“Courage is resistance to fear; mastery of fear, not absence of fear.”
In Jasper Jones, fourteen-year-old protagonist Charlie Bucktin reads these lines from a book in the opening scenes and immediately, the thematic struggle between courage and fear is underway and continues without drawing breath throughout the entire film.
Based on Craig Silvey’s 2009 novel of the same title, Jasper Jones is a new Australian film that successfully combines the coming of age story with the whodunit, while mixing in empathetic notes of betrayal, love and small town living all at once. Set in Corrigan, Western Australia in 1969, Jasper Jones brings together two young boys who are both social outcasts: 14-year-old Charlie who is bookish and clever, and half-Indigenous Jasper, on whom the town will blame anything. One night, Jasper taps on Charlie’s window and asks him for help. There’s a girl hanging from a noose in the bush, and Jasper swears that he didn’t do it, but he needs Charlie’s help to find out who did. Courageously, Charlie agrees.
Throughout the film, Bran Nue Dae director Rachel Perkins takes the viewer on a visually impressive journey. There are many moments of stunning shot composition, particularly in Charlie and Jasper’s continued return to the scene of the body in the bush at night. When the teenage boys approach the tall trees, the boys seem to shrink in size. Perkins does an excellent job of visually portraying the boys, particularly Charlie, as being out of their depth.
This notion of standing on the precipice of adulthood has a strong presence throughout Jasper Jones. Charlie’s first step in solving the murder mystery is to visit the local library and read Truman Capote’s In Cold Blood – a moment of endearing, childish naivety sure to have viewers giggling. There are many excellent moments of humour peppered throughout the film, mostly propelled by Charlie’s attempts at acting in a way that he perceives to be mature. However, the film does also highlight the adolescent frustration at not being taken seriously by adults, and does so in a way that is pitch-perfect.
Of course, racism is a theme that permeates Jasper Jones. Corrigan is rife with xenophobia, both against Jasper and the Vietnamese family the Lu’s. Charlie’s best friend Jeffrey Lu endures racist slurs at the cricket club, and neighborhood racists driving through the Lu’s front fence and ripping up their garden. It is in these moments that Charlie’s role as protagonist is most effective – he, like many of us today, simply can’t comprehend the hatefulness of the less open-minded generation that comes before him.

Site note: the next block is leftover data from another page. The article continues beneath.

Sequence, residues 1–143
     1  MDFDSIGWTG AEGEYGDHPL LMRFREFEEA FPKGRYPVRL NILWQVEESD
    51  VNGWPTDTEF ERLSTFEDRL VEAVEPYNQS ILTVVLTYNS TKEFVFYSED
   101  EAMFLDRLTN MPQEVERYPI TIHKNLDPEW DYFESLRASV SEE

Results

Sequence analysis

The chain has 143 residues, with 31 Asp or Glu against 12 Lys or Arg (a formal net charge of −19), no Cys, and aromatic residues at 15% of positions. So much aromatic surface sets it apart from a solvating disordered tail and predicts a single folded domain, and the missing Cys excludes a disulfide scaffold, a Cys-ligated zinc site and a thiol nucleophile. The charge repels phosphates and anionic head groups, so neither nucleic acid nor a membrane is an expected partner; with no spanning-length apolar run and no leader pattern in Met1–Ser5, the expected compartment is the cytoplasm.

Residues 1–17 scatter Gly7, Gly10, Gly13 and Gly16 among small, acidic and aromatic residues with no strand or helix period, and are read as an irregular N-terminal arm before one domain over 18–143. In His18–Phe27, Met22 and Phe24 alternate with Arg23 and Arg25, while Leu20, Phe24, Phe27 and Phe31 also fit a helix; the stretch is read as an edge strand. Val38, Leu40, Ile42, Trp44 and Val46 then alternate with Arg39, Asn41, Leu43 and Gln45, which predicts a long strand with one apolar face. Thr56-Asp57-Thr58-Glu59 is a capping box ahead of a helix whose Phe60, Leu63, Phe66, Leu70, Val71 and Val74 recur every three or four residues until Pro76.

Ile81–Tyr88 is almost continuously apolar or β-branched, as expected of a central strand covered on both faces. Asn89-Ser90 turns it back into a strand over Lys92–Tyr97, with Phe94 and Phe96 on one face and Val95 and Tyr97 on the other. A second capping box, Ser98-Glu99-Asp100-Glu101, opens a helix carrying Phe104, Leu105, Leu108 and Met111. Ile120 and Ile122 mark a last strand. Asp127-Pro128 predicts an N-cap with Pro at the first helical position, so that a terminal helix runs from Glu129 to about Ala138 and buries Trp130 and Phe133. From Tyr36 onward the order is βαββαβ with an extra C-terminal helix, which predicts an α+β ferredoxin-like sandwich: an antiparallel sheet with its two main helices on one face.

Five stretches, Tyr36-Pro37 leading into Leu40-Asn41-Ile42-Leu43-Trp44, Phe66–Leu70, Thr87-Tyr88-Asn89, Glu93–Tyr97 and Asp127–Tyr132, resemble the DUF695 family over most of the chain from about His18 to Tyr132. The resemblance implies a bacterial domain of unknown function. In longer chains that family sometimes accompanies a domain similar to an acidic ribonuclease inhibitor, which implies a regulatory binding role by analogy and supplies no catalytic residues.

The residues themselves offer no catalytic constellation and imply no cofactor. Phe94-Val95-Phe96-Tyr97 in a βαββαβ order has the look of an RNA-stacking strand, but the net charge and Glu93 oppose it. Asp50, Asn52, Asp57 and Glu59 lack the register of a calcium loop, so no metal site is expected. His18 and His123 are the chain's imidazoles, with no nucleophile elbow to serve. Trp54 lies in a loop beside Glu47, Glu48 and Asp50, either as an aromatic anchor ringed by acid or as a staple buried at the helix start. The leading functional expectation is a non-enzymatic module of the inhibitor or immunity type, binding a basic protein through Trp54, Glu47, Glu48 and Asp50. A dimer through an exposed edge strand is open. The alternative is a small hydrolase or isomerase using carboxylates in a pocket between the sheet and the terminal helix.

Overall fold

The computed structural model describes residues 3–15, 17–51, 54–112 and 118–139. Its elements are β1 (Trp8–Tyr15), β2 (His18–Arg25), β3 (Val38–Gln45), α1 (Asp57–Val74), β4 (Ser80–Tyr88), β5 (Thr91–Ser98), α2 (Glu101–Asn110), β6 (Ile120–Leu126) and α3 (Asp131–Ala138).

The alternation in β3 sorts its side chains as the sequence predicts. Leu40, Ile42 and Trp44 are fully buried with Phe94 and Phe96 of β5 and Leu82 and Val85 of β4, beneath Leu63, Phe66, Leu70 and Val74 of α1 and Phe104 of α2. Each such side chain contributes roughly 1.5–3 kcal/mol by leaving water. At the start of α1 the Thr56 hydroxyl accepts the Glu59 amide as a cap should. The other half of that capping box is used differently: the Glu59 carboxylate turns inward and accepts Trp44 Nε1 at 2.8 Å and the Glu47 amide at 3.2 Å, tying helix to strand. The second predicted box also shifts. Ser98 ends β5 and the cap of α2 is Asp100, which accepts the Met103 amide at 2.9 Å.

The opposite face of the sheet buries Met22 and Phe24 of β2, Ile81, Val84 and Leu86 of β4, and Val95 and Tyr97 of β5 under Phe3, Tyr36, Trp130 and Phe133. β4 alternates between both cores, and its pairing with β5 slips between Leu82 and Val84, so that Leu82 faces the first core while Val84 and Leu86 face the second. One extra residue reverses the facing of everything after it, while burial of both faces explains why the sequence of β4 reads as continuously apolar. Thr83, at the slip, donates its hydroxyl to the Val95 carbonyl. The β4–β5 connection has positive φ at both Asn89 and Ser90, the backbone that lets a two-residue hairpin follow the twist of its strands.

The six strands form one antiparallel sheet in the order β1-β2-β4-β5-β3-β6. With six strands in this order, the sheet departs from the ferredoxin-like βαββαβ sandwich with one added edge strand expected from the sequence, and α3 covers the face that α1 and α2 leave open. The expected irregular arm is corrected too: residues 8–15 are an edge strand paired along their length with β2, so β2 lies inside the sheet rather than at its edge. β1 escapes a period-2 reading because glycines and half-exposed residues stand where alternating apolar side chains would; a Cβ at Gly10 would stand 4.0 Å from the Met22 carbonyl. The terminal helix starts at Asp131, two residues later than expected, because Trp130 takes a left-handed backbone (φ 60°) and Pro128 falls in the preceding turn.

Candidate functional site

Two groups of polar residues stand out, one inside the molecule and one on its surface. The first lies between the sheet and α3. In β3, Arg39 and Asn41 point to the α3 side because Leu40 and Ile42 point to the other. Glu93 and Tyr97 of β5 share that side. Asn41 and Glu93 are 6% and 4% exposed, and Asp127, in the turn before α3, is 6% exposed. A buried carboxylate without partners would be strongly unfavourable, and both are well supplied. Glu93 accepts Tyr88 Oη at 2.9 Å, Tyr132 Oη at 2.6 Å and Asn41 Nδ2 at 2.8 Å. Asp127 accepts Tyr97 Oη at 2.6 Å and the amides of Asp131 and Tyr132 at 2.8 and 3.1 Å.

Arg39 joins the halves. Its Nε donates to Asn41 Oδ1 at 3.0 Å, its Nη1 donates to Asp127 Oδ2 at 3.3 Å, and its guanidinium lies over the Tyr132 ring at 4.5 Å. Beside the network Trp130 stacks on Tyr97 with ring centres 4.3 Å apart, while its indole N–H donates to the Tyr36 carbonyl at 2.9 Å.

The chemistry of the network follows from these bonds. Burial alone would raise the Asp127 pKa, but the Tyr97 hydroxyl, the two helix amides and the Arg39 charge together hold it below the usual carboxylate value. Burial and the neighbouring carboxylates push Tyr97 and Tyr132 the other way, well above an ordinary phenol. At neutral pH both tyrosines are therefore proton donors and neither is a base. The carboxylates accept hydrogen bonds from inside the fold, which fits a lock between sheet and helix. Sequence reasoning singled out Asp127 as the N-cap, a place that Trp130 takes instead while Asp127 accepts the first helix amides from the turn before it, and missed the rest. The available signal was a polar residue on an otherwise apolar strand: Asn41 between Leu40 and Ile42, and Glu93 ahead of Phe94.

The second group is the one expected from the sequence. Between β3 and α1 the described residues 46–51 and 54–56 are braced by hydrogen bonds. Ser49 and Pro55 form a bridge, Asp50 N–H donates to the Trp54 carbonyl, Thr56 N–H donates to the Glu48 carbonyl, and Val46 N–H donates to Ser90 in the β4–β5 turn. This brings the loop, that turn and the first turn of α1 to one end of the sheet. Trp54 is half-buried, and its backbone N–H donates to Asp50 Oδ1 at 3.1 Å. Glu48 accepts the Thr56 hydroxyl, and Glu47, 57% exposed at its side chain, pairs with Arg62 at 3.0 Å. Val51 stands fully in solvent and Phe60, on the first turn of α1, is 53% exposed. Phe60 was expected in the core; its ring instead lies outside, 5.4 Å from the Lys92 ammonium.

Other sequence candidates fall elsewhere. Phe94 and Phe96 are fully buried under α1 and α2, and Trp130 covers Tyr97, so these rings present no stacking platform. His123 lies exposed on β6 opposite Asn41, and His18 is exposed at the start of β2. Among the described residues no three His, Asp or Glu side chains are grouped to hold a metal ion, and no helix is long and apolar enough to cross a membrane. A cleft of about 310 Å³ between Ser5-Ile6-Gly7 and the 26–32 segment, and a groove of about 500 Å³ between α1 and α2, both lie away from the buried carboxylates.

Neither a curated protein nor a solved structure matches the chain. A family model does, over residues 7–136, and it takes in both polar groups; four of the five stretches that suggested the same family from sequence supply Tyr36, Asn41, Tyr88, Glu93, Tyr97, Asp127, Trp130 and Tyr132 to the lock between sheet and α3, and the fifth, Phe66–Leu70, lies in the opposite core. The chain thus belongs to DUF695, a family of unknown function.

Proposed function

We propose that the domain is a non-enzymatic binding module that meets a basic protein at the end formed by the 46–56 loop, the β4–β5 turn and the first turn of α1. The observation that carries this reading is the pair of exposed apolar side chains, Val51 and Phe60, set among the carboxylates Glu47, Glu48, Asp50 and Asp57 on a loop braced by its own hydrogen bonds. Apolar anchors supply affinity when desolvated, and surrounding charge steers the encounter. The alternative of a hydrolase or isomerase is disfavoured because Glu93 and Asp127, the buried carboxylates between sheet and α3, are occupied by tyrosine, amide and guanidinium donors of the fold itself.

The performances shine brightly. Fourteen-year-old Levi Miller excels as Charlie, portraying the uncertainty of adolescence in a way that makes him endearing and easy to watch. Equally, Aaron McGrath’s Jasper is tormented, confused and in desperate need of help. He completely and wholly is Jasper Jones, his performance convincing and empathetic. These two young actors propel the story forward and will undoubtedly make you want to keep watching. Equally, the adult cast is uncompromising in talent – Toni Collete as Ruth Bucktin, Dan Wyllie as Wes Bucktin and Hugo Weaving as Mad Jack Lionel. Weaving’s role is small, but incredibly powerful and above all, convincing.
If I can offer one criticism, it is that I believe the entire film would benefit from ending ten minutes before it actually does. I believe that the plot may benefit from a more open ending. That being said, Jasper Jones is undoubtedly the most effective book-to-film adaptation that I can recall seeing. Perhaps this can be attributed to Craig Silvey’s role as scriptwriter, but perhaps it is simply just an excellent film.